As the twins run off to begin their hunt for candy, Wanda has some time to catch up with her own twin. Wanda’s still trying to figure out how Pietro suddenly showed up in Westview—and also why he looks nothing like he used to. (Lingering on Tommy saying “kick ass,” it’s as if Wanda is trying to remember Aaron Taylor-Johnson but just can’t place him.) Before she can figure it out, Uncle Petey—who unsurprisingly turns out to be the greatest trick-or-treater of all time, thanks to his super speed—goes off to help the boys steal all the candy on the block.


Vision, meanwhile, continues his quest to uncover the truth about Westview. He passes a woman who appears to be glitching as she puts up a Halloween decoration, and the farther away he gets from Wanda, the less functional the simulation becomes. All the residents around him at the edge of town are frozen in place, standing lifelessly in the streets. Eventually, Vision comes across a car parked near the edge of Westview. Agnes is at the wheel, sitting completely and eerily still. As he did to Norm in the previous episode, he brings Agnes out of the trance.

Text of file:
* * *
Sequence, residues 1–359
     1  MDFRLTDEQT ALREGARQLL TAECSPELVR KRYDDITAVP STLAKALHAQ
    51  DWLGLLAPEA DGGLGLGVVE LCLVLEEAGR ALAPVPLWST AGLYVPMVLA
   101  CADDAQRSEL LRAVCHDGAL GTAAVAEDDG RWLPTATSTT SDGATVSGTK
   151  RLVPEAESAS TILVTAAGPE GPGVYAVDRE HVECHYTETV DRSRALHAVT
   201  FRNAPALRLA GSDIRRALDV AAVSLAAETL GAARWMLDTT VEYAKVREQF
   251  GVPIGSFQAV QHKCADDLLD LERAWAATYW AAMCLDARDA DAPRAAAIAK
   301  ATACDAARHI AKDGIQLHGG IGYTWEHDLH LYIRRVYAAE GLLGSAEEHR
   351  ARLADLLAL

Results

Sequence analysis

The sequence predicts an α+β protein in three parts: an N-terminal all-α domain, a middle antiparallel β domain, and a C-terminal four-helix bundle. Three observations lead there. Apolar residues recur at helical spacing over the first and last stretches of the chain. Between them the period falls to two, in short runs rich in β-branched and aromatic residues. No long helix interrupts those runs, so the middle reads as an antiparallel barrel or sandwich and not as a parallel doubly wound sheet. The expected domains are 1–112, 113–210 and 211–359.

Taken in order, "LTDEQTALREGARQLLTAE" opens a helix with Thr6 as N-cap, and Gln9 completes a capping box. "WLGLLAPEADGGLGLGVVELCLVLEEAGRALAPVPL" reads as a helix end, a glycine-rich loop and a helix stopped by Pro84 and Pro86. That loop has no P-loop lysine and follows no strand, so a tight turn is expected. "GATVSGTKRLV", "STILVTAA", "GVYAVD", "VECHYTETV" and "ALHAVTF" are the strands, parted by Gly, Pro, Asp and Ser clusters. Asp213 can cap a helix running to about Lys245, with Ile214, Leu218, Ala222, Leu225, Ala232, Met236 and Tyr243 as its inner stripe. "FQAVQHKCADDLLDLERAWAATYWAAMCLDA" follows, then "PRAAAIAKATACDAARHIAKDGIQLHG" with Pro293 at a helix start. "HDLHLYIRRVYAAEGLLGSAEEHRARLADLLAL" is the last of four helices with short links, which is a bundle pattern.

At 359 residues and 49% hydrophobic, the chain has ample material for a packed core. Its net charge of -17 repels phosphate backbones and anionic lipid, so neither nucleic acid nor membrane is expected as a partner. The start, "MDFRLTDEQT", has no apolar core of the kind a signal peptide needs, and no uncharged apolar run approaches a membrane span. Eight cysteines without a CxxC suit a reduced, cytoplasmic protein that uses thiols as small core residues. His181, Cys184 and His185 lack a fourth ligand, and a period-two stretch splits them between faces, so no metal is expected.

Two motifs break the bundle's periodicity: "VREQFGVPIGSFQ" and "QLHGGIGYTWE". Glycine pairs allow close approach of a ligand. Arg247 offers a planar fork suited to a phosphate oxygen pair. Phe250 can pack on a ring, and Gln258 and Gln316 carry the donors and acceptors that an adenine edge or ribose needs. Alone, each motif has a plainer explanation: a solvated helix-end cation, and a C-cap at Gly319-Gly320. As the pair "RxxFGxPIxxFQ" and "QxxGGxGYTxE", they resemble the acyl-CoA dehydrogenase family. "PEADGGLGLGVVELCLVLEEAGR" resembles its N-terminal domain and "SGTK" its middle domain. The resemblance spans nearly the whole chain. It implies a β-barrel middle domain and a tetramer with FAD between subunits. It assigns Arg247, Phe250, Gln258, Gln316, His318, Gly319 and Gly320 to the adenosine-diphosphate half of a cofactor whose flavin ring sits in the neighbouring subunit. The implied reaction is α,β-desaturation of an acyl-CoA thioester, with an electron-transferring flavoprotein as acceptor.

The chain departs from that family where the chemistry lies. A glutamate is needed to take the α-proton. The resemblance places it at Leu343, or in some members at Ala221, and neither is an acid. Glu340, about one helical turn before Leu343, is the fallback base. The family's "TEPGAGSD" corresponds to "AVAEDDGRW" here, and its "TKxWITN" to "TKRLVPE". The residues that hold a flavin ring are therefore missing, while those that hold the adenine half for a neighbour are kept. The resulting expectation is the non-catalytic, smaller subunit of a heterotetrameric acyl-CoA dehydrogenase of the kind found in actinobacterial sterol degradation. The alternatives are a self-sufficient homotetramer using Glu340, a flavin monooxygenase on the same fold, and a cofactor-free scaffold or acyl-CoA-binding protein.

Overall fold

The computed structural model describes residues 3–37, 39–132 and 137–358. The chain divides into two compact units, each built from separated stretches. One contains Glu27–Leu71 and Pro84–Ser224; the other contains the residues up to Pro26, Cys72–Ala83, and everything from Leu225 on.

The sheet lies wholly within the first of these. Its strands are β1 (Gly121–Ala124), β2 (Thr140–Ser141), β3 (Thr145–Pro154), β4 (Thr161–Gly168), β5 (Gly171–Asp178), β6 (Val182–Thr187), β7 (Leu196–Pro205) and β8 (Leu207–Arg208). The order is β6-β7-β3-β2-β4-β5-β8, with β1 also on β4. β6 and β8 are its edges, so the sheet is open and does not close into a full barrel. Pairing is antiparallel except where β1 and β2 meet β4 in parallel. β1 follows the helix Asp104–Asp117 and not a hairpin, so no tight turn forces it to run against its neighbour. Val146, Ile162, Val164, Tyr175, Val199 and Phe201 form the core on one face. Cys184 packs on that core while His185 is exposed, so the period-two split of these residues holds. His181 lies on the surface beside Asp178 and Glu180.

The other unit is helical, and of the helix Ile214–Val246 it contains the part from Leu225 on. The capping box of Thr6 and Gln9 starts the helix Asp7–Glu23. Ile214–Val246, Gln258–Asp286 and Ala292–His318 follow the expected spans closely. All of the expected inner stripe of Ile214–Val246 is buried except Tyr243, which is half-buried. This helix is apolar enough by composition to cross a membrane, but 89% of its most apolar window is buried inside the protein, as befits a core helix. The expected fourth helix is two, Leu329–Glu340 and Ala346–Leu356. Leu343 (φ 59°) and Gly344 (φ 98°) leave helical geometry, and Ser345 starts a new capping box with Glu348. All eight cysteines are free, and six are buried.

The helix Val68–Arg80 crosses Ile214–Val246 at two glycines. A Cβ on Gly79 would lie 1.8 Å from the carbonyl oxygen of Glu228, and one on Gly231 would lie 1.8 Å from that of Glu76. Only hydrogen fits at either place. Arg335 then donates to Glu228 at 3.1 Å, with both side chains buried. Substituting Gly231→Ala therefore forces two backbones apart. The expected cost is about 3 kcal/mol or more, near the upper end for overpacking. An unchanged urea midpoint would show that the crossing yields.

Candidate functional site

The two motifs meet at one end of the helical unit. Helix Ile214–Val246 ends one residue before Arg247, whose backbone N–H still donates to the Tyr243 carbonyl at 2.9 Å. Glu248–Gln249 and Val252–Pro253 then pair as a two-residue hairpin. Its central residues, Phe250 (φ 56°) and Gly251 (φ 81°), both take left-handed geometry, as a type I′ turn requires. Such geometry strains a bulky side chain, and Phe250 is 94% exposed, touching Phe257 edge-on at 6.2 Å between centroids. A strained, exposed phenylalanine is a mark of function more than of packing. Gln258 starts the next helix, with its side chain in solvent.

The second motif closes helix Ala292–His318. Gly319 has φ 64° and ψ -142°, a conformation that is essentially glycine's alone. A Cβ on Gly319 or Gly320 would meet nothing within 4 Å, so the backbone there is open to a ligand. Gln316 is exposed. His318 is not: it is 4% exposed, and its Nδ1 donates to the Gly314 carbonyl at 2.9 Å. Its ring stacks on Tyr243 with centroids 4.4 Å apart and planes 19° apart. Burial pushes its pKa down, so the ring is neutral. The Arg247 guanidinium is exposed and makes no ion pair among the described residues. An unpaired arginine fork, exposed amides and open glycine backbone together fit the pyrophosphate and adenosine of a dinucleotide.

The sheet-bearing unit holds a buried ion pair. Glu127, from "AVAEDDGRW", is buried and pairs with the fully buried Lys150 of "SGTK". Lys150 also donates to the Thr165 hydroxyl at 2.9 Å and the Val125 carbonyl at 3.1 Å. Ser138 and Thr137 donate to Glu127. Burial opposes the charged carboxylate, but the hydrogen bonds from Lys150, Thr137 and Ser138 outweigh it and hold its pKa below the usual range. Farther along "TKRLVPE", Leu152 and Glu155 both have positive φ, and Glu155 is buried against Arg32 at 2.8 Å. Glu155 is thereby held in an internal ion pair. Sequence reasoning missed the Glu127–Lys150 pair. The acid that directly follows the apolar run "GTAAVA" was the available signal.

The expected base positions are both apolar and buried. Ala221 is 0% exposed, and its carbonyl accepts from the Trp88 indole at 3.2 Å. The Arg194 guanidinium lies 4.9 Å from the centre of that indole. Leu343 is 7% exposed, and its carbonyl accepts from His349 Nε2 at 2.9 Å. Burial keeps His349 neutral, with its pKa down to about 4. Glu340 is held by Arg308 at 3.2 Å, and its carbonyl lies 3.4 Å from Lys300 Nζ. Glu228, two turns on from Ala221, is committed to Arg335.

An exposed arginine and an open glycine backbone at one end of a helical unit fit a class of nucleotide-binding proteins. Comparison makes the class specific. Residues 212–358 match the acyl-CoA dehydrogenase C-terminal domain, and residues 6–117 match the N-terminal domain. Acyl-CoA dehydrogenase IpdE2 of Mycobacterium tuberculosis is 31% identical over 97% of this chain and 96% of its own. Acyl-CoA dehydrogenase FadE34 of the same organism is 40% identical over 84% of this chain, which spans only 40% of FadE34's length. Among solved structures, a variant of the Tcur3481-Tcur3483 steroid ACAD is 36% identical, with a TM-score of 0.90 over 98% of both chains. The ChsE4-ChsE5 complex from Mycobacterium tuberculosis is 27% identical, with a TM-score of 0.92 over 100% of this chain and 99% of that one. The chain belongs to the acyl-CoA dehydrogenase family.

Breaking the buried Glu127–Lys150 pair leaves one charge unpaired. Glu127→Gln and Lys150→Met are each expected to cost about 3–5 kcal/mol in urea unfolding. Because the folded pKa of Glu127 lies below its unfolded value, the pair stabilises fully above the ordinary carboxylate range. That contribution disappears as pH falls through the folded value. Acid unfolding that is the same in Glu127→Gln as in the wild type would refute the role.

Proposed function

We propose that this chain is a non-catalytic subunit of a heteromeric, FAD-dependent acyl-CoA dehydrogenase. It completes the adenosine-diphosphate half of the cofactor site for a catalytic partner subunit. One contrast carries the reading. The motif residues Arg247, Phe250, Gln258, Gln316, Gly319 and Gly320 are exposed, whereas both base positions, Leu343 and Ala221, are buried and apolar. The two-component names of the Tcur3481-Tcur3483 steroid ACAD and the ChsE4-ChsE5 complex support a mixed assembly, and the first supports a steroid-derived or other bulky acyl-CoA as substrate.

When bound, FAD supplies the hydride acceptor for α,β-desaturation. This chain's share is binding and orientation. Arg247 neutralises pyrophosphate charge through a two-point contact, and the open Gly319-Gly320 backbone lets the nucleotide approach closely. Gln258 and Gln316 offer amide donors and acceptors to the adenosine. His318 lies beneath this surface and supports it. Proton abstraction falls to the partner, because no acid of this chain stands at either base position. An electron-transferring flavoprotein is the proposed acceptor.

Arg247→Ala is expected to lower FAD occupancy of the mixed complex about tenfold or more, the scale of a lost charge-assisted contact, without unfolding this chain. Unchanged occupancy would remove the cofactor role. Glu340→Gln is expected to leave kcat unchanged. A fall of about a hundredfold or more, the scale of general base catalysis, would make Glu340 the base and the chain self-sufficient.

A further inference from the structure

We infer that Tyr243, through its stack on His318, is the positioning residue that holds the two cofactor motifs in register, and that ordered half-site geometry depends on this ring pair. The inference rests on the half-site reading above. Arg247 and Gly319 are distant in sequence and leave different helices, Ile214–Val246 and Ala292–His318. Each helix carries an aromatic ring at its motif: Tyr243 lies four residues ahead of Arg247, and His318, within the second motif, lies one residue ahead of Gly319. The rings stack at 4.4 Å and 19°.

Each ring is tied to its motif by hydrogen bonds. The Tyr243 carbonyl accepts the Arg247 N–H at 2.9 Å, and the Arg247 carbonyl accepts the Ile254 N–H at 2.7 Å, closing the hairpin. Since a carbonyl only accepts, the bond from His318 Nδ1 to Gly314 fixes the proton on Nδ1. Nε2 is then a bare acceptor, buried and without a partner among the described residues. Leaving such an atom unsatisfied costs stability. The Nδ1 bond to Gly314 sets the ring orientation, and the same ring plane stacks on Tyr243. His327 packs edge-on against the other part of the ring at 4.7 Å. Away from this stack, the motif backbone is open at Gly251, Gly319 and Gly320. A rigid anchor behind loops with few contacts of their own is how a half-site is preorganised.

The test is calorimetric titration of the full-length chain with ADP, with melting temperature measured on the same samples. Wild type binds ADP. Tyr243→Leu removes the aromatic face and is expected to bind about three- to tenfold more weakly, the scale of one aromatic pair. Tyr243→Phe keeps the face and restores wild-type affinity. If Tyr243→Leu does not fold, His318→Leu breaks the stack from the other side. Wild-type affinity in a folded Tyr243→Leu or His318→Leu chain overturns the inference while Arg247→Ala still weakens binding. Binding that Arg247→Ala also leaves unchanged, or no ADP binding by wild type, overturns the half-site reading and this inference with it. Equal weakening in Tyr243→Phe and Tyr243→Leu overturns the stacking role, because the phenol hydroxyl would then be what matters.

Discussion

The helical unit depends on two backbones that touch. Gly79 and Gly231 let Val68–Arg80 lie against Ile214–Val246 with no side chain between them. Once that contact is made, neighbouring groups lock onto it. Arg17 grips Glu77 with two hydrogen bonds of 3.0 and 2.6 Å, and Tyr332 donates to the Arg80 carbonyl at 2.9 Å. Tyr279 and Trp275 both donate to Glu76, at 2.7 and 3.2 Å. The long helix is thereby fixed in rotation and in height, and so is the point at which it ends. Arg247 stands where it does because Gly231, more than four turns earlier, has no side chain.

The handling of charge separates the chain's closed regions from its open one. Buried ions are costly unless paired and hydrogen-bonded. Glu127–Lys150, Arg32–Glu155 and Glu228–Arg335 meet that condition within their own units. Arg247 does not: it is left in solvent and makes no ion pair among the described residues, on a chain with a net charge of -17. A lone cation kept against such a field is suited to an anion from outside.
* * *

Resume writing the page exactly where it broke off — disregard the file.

“You’re one of the Avengers! You’re Vision!” the real Agnes exclaims. “Are you here to help us?”

Unfortunately this only leads to more confusion for the synthezoid. He still can’t remember his life before he came to Westview. “I do want to help,” he says, “but what’s an Avenger?”

This is, obviously, worrying for everyone involved. Vision’s being reminded of a reality he can’t grasp, while Agnes is realizing that he’s just as helpless as she is. “Am I dead?” she logically asks. And when Vision questions why she’d think that, she finally breaks it to him: He’s dead. (Considering the news, I will say that the guy handles it pretty well.)

After putting an increasingly distressed Agnes back into her trance, Vision charges on, walking right up to the staticky barrier surrounding Westview and willing his way through to the other side. There, he’s met by a group of S.W.O.R.D. agents led by Director Hayward, who all stand by and do nothing as Vision’s body immediately begins to disintegrate.

As Vision slowly falls apart outside of Westview, back at the town square, Billy, who’s beginning to discover his telepathic powers, starts to feel that his father’s in danger. After Billy and Tommy—who, for his part, seems to take after his speedy uncle—alert their mother, Wanda makes a snap decision that is both ruthless and genius. She expands the boundaries of her sitcom world, engulfing the nearby S.W.O.R.D. base and everyone who can’t escape.